CONCORD, N.H. (AP) — A federal judge in New Hampshire denied a request Wednesday that would have blocked a new state law requiring voters to be full-fledged residents from being enforced for the first-in-the-nation presidential primary in February.
The American Civil Liberties Union of New Hampshire sued the secretary of state and attorney general over the law on behalf of two Dartmouth College students. The law, which took effect in July, ended the state’s distinction between “residency” and “domicile.”
Before the law took effect, New Hampshire was the only state that didn’t require residency to vote. Though it doesn’t change the process of registering to vote, it effectively makes out-of-state college students who vote in New Hampshire subject to residency requirements, such as obtaining drivers’ licenses and registering cars.
The ACLU said the law created confusion while the state said any confusion is “self-created and sustained.” It argued that the requirement to get a license is triggered by when a person establishes residency, which may or may not be on the day he or she registers to vote.
Democrats, including many of the presidential candidates campaigning in New Hampshire, said the new law amounts to voter suppression by essentially imposing a “poll tax” in the form of license and vehicle registration fees. But Republicans and other supporters of the law said it was in line with residency requirements in other states, including many of the critics’ home states.
U.S. District Judge Joseph LaPlante ruled Wednesday the plaintiffs didn’t prove their claims, saying they produced no witnesses stating that the confusion led them to decide not to register to vote. “Indeed, all of the witnesses who testified that they currently have out-of-state licenses also testified that they are registered to vote in New Hampshire,” LaPlante wrote.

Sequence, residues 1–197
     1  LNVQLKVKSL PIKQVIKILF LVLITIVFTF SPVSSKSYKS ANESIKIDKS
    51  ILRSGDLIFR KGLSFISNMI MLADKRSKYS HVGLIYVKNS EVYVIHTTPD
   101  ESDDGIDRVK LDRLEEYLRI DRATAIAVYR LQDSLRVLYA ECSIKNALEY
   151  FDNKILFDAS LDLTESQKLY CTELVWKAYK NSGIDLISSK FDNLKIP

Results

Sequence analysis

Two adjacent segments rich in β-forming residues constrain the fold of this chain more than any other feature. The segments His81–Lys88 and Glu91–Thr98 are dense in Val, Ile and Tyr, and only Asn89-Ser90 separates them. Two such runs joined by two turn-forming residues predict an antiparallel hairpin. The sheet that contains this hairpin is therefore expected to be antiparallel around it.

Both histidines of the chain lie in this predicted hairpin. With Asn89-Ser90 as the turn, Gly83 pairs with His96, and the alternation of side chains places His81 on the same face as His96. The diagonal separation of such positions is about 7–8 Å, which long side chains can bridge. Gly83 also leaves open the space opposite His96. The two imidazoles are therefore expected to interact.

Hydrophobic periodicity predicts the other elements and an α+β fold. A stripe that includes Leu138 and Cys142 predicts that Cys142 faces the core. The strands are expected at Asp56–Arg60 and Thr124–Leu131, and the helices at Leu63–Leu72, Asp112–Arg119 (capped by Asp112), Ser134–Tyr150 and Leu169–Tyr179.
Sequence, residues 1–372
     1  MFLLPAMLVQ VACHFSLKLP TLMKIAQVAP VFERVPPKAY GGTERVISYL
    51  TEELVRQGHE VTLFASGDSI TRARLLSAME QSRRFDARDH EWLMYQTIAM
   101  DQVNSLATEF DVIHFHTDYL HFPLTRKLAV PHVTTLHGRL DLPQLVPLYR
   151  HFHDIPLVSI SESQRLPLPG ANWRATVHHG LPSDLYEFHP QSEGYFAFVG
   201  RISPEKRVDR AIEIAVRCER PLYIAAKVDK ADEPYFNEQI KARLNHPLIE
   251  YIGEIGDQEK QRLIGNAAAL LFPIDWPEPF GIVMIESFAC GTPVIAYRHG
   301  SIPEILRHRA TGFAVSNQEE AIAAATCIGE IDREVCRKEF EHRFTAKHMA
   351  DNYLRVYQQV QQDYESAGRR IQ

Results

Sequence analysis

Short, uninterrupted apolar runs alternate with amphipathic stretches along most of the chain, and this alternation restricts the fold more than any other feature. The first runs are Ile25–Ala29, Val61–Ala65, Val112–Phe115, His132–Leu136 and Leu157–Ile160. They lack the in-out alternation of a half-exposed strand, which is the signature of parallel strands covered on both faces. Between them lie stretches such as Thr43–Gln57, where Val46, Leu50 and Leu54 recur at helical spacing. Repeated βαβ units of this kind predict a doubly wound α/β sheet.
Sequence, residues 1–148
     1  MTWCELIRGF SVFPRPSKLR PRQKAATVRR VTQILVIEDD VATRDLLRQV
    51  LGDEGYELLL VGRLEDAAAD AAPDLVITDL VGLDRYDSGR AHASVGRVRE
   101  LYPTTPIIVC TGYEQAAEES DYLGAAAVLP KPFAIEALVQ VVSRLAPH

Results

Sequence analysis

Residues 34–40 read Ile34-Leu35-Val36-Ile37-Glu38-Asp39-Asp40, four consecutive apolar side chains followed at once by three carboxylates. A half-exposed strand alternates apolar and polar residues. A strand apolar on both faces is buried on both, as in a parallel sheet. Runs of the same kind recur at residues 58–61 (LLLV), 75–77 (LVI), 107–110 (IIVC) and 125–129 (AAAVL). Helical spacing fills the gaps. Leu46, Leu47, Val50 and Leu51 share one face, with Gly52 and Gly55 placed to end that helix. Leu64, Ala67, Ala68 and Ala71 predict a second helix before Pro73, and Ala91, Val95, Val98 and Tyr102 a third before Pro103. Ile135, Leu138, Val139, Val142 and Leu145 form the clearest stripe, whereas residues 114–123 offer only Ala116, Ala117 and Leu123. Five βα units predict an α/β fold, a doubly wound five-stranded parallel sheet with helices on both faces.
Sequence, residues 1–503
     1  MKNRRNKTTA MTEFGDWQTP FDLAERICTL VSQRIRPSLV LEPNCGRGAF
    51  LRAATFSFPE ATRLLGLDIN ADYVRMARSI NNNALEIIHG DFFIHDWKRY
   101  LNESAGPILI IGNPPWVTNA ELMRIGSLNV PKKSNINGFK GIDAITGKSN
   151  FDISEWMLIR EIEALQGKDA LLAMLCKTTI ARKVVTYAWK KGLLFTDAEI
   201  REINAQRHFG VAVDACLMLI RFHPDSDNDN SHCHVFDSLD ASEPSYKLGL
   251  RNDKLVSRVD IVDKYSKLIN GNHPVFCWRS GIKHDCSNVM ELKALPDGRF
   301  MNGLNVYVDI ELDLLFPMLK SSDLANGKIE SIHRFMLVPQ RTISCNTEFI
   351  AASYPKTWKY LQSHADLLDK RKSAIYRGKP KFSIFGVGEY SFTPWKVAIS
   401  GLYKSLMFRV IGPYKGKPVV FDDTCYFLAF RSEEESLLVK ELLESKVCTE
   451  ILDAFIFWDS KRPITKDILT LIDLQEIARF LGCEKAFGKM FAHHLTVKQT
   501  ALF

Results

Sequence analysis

He also said that state officials, although slow to provide detailed guidance on the law, did issue a recent letter on the state’s interpretation.
However, LaPlante himself had questions about how the law could interact with the state’s motor vehicle code and election rules. In a separate order Wednesday, he submitted five questions to the New Hampshire Supreme Court for review.
“There are potentially determinative issues of New Hampshire law in this case,” LaPlante wrote, adding that the answers “could result in one or more interpretations of the enforcement regime that do not implicate the federal constitutional right to vote in any way.”
An ACLU attorney said it will continue to fight the case. “Every eligible voter has the right to vote without confusion, without fear, and without the thought that maybe it would be easier if they vote at all,” Henry Klementowicz said in a statement. “Despite evidence that college students, young people, town clerks, and political campaigns are confused about what this law means, the court did not eliminate this confusion today.”
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